JavaScript must be enabled in order for you to use the Site in standard view. However, it seems JavaScript is either disabled or not supported by your browser. To use standard view, enable JavaScript by changing your browser options.

| Last Updated:: 16/02/2017


What is Air Pollution?


Air consists of a mixture of mainly nitrogen and oxygen, with small amounts of carbon dioxide, organ, water vapour etc. In addition there are a number of other substances in the air which may be harmful to public life and properly. These impurities may generate from natural or man made activities and consist of substances which could adversely affect the life process and other bio geochemical cycles on earth.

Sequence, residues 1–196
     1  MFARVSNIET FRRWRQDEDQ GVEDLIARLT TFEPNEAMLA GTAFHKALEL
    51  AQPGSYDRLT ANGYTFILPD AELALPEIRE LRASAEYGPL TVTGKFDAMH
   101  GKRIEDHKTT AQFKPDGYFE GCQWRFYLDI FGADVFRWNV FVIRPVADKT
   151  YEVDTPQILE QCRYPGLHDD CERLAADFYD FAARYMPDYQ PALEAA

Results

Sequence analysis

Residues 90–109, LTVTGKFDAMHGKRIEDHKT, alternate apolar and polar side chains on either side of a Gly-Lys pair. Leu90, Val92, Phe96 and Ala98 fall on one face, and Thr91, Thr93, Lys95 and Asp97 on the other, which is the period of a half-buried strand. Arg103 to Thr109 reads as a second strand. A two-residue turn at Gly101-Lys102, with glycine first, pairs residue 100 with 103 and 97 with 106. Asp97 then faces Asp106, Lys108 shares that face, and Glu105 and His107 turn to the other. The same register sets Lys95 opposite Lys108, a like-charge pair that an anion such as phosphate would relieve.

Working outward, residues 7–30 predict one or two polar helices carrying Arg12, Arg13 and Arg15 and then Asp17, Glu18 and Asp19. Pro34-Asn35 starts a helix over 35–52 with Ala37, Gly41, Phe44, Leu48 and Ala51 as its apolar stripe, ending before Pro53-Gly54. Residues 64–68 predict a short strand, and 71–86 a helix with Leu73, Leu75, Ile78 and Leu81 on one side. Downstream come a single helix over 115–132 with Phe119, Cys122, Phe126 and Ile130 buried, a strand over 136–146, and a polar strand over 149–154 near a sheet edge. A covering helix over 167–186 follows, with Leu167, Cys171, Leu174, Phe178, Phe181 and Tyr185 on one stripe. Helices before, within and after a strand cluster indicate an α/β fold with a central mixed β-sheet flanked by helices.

The Air (Revolution and control of Pollution) Act 1981 defines a pollutant as “air pollutant” means any solid, liquid or gaseous substance (including noise) present in the atmosphere in such concentration as may be or tend to be injurious to human beings or other living creatures or plants or property or environment; and “air pollution” means the presence in the atmosphere of any air pollutant.



Different types of pollutants an continuously emitted into the atmosphere and removed by a series of physical and chemical processes in the atmosphere. This phenomenon of self purification when the rate of addition of impurities exceeds the self purifying capacities them the accumulation of pollutants causes serious public health problems and hazards.